But for most of us special needs parents, when our big medical challenge day makes it’s first appearance on our life’s landscape, it’s as an all-out, Gettysburg-style assault on our thriving farmland. We haven’t spent hours, days or months training for war. We’ve been herding sheep, milking cows and planting gardens. One day life is clicking along with idyllic sunsets, and the next night’s sky is lit by terrifying bombs exploding in our backyard. Without warning, without training, we’re thrust into a battlefield where we frantically try to use our “farm knowledge” to staunch the blood bath.
“Remember God won’t allow more than you can handle!”
And yet, He has.
Because, here’s the deal folks. God never actually promised to not give us more than we could handle. And, this is a real shock to some: He also never promised we’d necessarily physically survive the trial. What He promised was a way to escape temptation in the midst of a trial (I Corinthians 10:13), a way to bear the trial (Phillipians 4:13), and a promised reason for the trial involving His glory and eternal good for people (Romans 8:28). These are the promises He’s made to His children.
If you’re honest with yourself then probably, like me, there is a long list of potential life tragedies that you don’t really want to have to handle. That you know you’re not equipped to handle. As a non-omnipotent, non-omniscient, non-eternal human sinner living on a sin-marred planet that list is preeettttty long:√War √Pestilence √Tsunamis √Murder √Fire √Death √Illness √Financial Ruin √Etc ad-infinitum. But in contrast to the inaccurate adage above, as a Christian, my insufficiency to manage any life tragedy doesn’t auto-eject it from my life’s play reel, in God’s economy. Because, as it turns out, God was never looking deep inside me for my innate ability to handle it. Instead, He was always confident in His incredible strength to carry me through it.
So, while God clearly sees my inadequacy, my lack of knowledge, my lack of patience and grace, my ignorance and my heart’s faulty affections, He also sees His own wisdom that reaches higher than the heavens (Isaiah 55: 9f), His own love diving deeper than the ocean, His own forgiveness stretching wider than the east is from the west (Ps 103:12), His understanding being beyond what I can imagine (Is 40:28), His own power being limitless, and these fleeting life moments of mine as the tiniest tip of the topmost blade of grass on the mountain of eternity (I Peter 1:24).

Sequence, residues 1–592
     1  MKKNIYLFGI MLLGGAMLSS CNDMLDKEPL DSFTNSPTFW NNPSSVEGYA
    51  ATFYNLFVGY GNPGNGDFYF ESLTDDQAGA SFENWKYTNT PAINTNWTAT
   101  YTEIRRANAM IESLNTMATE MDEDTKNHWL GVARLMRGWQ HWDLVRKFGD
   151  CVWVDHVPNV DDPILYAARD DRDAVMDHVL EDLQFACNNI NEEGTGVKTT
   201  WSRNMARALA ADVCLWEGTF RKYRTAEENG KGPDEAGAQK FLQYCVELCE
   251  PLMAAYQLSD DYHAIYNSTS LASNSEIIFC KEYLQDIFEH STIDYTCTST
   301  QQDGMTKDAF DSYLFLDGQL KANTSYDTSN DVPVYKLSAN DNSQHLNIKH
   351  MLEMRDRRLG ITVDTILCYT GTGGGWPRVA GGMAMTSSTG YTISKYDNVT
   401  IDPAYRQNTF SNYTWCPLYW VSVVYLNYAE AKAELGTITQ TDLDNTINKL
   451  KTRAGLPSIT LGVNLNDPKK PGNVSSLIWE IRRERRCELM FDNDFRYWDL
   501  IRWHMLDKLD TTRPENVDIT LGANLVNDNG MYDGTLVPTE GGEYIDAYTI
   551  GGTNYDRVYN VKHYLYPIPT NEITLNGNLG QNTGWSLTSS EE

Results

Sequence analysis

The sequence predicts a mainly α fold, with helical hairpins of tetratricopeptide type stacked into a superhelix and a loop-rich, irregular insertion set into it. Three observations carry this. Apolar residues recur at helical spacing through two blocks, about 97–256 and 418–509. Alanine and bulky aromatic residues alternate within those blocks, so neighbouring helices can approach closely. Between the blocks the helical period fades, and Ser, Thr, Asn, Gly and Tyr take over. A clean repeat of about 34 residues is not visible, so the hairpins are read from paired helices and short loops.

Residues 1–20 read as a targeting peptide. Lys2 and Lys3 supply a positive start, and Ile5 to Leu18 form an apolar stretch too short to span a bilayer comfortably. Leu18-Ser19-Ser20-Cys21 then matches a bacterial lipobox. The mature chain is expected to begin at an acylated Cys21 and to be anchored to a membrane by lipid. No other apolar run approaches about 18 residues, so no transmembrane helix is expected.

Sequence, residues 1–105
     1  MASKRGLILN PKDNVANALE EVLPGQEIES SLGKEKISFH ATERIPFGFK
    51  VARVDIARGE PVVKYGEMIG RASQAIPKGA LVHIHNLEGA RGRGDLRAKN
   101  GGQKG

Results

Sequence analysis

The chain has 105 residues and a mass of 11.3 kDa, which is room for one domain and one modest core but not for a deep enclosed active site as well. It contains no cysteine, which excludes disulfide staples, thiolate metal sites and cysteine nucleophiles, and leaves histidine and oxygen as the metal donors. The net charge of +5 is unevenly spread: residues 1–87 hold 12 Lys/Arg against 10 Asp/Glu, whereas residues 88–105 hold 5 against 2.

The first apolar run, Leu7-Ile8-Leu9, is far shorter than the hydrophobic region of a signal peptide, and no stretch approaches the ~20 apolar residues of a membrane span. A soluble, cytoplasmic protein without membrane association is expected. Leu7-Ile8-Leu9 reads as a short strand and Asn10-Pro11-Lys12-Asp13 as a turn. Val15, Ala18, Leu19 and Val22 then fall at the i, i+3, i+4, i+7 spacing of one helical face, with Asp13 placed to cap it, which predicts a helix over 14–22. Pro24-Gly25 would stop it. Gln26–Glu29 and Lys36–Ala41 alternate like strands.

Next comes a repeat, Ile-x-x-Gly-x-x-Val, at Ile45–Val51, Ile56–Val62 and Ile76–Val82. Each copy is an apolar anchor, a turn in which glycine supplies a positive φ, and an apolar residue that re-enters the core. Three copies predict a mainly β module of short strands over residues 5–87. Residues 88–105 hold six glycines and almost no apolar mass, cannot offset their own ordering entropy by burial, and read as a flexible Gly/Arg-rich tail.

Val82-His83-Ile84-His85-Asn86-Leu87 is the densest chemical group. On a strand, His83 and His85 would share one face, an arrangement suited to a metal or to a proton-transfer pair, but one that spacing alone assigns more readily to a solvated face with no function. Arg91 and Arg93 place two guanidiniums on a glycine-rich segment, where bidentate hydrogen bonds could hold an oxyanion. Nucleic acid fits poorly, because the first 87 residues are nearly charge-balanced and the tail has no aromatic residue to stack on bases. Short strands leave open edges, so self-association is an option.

God never allowed a trial based on my ability to handle things.
HE JUST ALWAYS KNEW HE COULD.
This is why, whenever someone says to me, “I could never do what you do”, I understand and remember all the days I knew I couldn’t do it either. I know, today, that although my medical knowledge and experience base has grown, there are still many ways I can’t handle this. I’m not relying on God’s ability to see strength inside of me for this task. I’m trusting in His promise to BE my strength for this task. I’m trusting Him to provide ways for me to escape temptations to doubt or despair. I’m trusting Him to forgive, correct and comfort me when I don’t take a provided escape. I’m trusting Him to understand my pain, count my tears, and reveal to me, one day, the eternal cause that outweighs them all. I’m trusting Him to love my family, not just while we’re here fighting, but forever (Ps 136). I’m trusting He’s doing things I can’t see, that matter on a spiritual level, because of our trial. I’m trusting Him to lead us and guide us through the medical maze we’re trapped in right now. I’m trusting Him to give me strength for seeing the things I don’t want to see, doing the things I don’t want to have to do, and handling the things I don’t want to handle.
I’m trusting that God won’t give me anything that He can’t handle.
And I’m believing that – just like I do with my own children – when I really can’t handle any more, He’ll hold me, listen to my sorrow, lift me in His strong arms, and carry me on.